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I too like the idea of involving the grandparents. It would be ideal if they were within close proximity of you. I think your son will do just fine, to be honest. It's impressive how much they can learn without seemingly putting in much of an effort. The brain capacity of a child at that age is such that it allows much easier foreign language acquisition than is possible for most adults :)

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The best way to have kids learn two languages is to speak in both to them. When they don't understand something explain it to them so that they use it in their own speech. When they get stuck provide them with new words and after some time you will find that they are fluent in both languages. It is as easy as that!

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I grew up speaking English and Turkish. My mother was Turkish, but she was trying to learn English. It was a little strange because she spoke to us in mainly Turkish, but she often threw in English words. She did that up until she passed away about a year ago. Because she mixed the two languages, I feel I didn't learn the Turkish language to its fullest.

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The best way to have kids learn two languages is to speak in both to them. When they don't understand something explain it to them so that they use it in their own speech. When they get stuck provide them with new words and after some time you will find that they are fluent in both languages. It is as easy as that!

This is so true, @Franco! This is how children in my country of Botswana end up learning 2-3 languages simultaneously from very young. It works ok, and there's never any evidence of any confusion or a struggle, to be honest. I guess like most things, it depends on the children and the languages in question. But I feel that if children here can learn different languages simultaneously, it should be fairly easy for most. I say this because English, my native language Setswana and other languages spoken here are all complex languages and are as different as get.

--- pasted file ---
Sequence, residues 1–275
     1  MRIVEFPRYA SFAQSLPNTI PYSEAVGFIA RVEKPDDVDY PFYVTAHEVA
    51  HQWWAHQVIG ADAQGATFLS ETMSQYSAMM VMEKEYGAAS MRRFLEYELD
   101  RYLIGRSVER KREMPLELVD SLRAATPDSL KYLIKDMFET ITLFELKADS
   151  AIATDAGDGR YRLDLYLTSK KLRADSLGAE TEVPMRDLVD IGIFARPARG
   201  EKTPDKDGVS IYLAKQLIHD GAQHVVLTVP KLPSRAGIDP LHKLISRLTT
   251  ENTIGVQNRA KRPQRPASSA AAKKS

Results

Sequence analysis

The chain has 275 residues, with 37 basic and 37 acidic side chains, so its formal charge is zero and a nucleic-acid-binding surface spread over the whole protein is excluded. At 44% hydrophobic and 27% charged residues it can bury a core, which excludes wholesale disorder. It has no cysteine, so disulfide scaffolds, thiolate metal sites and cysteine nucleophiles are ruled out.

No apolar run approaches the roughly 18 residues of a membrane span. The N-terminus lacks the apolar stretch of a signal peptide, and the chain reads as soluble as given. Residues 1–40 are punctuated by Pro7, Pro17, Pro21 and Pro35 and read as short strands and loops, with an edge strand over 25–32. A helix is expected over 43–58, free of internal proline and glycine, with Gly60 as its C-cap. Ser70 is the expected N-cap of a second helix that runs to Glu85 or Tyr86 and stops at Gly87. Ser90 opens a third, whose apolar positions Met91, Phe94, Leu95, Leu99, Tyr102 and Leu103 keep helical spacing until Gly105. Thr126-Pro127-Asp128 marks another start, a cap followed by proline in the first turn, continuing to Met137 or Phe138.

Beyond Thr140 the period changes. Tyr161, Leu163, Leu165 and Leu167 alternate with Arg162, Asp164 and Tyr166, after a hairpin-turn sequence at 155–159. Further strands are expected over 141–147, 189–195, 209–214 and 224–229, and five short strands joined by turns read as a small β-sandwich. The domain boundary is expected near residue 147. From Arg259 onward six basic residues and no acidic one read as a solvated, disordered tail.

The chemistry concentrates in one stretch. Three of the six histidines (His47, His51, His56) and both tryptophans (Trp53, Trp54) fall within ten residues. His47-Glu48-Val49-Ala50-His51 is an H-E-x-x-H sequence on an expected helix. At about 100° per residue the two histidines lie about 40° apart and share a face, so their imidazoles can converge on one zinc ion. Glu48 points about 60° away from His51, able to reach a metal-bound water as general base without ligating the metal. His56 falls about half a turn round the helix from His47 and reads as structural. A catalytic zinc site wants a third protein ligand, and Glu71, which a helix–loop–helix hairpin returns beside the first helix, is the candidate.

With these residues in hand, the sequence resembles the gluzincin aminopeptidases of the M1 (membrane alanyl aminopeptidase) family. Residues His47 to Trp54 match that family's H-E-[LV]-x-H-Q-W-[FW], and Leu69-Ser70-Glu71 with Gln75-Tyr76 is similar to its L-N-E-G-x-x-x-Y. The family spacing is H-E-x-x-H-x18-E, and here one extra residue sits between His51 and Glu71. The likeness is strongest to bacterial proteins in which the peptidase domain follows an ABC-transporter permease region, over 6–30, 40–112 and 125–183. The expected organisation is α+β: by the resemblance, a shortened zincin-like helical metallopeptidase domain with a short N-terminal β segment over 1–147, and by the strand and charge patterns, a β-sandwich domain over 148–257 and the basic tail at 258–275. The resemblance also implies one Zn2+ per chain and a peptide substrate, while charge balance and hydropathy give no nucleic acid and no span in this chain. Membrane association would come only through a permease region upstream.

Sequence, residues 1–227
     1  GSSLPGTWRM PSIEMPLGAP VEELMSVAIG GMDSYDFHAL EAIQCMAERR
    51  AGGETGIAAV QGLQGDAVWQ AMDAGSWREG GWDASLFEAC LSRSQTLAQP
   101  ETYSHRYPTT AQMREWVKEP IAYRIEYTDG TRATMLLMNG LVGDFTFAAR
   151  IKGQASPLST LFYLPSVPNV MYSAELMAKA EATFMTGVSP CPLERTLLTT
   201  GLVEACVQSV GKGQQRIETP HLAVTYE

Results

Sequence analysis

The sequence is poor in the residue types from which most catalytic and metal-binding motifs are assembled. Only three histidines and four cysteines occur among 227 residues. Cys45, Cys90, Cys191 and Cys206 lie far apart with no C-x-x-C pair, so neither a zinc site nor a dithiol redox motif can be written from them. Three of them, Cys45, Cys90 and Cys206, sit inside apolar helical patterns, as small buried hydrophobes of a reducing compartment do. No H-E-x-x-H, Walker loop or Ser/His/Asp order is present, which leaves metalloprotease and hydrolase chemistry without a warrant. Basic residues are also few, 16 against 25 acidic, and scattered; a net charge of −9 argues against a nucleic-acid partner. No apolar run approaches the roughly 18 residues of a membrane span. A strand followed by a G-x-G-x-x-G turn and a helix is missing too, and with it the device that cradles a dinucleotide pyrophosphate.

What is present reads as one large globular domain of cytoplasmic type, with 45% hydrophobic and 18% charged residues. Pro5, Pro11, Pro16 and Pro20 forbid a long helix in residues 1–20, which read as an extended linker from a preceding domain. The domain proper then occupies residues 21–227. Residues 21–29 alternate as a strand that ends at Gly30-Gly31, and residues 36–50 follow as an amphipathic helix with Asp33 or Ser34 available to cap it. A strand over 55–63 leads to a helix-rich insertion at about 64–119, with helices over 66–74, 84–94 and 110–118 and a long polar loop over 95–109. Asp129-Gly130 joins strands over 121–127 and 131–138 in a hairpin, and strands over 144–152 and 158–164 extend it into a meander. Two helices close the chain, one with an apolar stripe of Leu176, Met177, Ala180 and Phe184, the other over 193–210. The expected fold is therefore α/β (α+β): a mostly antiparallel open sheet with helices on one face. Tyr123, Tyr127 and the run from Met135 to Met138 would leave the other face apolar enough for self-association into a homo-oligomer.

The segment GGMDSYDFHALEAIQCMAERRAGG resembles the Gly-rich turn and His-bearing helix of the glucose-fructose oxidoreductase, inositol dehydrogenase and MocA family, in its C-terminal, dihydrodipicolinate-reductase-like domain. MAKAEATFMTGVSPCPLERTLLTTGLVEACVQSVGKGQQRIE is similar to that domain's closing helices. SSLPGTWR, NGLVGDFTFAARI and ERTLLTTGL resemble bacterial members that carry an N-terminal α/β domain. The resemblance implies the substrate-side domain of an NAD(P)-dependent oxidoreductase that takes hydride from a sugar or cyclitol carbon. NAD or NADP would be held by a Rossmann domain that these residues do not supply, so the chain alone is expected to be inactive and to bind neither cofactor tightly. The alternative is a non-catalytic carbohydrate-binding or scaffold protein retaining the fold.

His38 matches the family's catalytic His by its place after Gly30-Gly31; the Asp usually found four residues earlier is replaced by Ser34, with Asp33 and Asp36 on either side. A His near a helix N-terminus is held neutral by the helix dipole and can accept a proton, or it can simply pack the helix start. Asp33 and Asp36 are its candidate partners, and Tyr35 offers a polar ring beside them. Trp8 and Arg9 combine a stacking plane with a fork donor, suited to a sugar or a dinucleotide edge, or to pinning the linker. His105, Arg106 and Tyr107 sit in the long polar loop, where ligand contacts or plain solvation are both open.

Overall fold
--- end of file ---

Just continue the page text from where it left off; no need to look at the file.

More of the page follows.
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Rimzi, thank you for you message and so sorry for your loss. I have lost someone very close to me not long ago.

There is a huge difference between understanding and speaking a language. Children are generally amazing, and they can learn so much so easily, but they also tend to be lazy (we are all guilty of that). In their case it's even more understandable: learning to communicate to them in more important then learning multiple languages at the same time. I have a friend whose son, now 16, understands Italian perfectly well, but refuses to speak a single word of it. I would hate for my son to be the same.

@Franco, I'm tempted to agree with you. It's often the case that we, as parents, tend to overcomplicate things: community language, minority language, and all that. I think however that a child needs a good reason to learn a second language, something that will justify the effort he or she puts in it. I'll just need to come up with more reasons to make it worth his while.

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  • 2 weeks later...

I have two daughters who were both born in Spain. We now live in Scotland. My husband is English.

We are happy in general with how they are progressing with their two languages, but it is not straightforward. You have to keep them going with cartoons, books, music, etc in the weaker language (Spanish for us now) and regular time with the family in Spain.

We have also been taking them to a Saturday Spanish school here in Edinburgh which is amazing. Lots and lots of Spanish children, good teachers and fun classes. The biggest thing is that they want to speak Spanish with the friends they make there and as a result they improve quickly and painlessly.

Kids pick up languages really easily and, as someone else in this thread commented, they understand well but can be lazy to speak. The best way for them and for us is if the whole process is natural and organic and they actually want to speak simply because they want to. Finding friends and fun situations on a regular basis is vital. 

Here are a few other good tips and a bit more on the topic.